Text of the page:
We asked if the revised guidance set the right balance between our duties to respect commercially sensitive information submitted by providers and our statutory duties, particularly the protection of people using services.


A majority said it was “fair”, “proportionate” and “reasonable”. Concerns focused on the handling of commercially sensitive information, with one respondent suggesting CQC would have too much discretionary power in disclosing sensitive information.

Our response

We have continued to emphasise the careful procedures in handling and storing commercially sensitive information. The guidance provides an example of sensitive information being permitted where necessary or expedient to protect the welfare of any individual. The decision to disclose will not be taken lightly, but in exceptional circumstances and with expert advice sought before a decision is made. Only one disclosure has been made since the scheme came into operation in 2015 and this was limited to specific financial information in relation to the regulatory action taken.

Engaging with third parties in the absence of the provider’s consent

We sought views about the issue of engaging with third parties in the absence of the provider’s consent.


A small majority agreed with the proposal. Positive comments suggested:

  • it would strengthen CQC’s position to fulfil its duty independently
  • it would be in the public interest, especially if a delay posed a risk to people using services
  • it would be helpful to gain assurance that the provider has continued support to remain viable
  • that banks, lenders or others should not be able to prevent CQC from carrying out our duties by withholding consent.

Those who disagreed suggested it would impact negatively on the CQC-provider and the lender-provider relationship, may affect trust and willingness to cooperate, and may possibly mean legal challenges. Additionally, we received feedback subsequent to the formal engagement period at a CQC trade body briefing that expressed concern that the level of opposition to engaging with third parties’ consent was not reflected in the analysis report written by Traverse.

Our response

CQC may engage with a third party without a provider’s consent, having regard to our overriding statutory objective: to protect and promote the health, safety and welfare of people who use health and social care services (section 3 of the Health and Social Care Act 2008). CQC will also have regard to the wider public interest in assisting local authorities in carrying out their statutory functions. CQC has never gone against the current Stage 5 operating model, where we state we will only engage with third parties with the provider’s consent. This engagement is to clarify independently a statement by a provider (for example, more money being injected by a shareholder) rather than being a statutory duty to disclose.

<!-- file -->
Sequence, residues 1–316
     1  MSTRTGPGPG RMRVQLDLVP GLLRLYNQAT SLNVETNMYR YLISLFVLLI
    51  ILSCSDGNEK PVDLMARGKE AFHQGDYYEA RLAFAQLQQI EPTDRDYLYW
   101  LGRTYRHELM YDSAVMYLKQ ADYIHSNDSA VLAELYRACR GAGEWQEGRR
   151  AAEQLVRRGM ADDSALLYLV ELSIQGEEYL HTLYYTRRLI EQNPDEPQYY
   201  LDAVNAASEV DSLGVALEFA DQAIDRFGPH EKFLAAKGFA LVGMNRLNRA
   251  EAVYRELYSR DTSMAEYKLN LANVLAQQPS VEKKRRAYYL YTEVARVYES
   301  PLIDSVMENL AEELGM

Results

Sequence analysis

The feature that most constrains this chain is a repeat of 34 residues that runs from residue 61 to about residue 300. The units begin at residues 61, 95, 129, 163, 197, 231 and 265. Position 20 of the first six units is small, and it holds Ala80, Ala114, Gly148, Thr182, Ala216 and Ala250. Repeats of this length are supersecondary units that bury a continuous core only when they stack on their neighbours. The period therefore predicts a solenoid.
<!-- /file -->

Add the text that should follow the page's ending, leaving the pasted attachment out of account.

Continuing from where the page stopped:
The aim of the qualitative analysis we have undertaken as part of this engagement exercise was to investigate the range of views; the numbers are, to some extent, less critical to that process. All views are important; an issue raised by one person could be as important as something which is raised by many people.

Other than in exceptional circumstances (i.e. where any delay would pose a risk to people using services), we will seek provider views before reaching any final decision to engage with third parties. We will continue to implement this proposal.

Providers’ obligations

We asked whether the provider obligations are clearly explained.


On the clarity of provider obligations, respondents were split equally, with 7 agreeing and 7 disagreeing. One respondent highlighted the guidance was clear about non-compliant providers; while another suggested there was a CQC-provider power imbalance regarding the steps CQC might take against a provider which did not cooperate. Some added this would be exacerbated by a lack of a mechanism to challenge CQC.

Our response

Chapter 3 of the guidance is clear about provider obligations and responsibilities, particularly in terms of submitting information when necessary and cooperating in meetings and regulatory action. We have flagged in the guidance that, where providers have failed to provide requested documentation, we will consider the reasons why before considering any further action in line with the section “responding to uncooperative providers”. There is also a section about how CQC will respond to uncooperative providers, as well as a further section about continuing provider obligations following a Stage 6 notification.

Steps against uncooperative providers

We asked whether the steps we may take against uncooperative providers are clearly explained.


Responses to the final question about steps CQC may take against uncooperative providers showed a majority were clear about the options that may be taken.

Our response

CQC is committed to act proportionately, taking the facts into account, and having a clear audit trail in decision-making.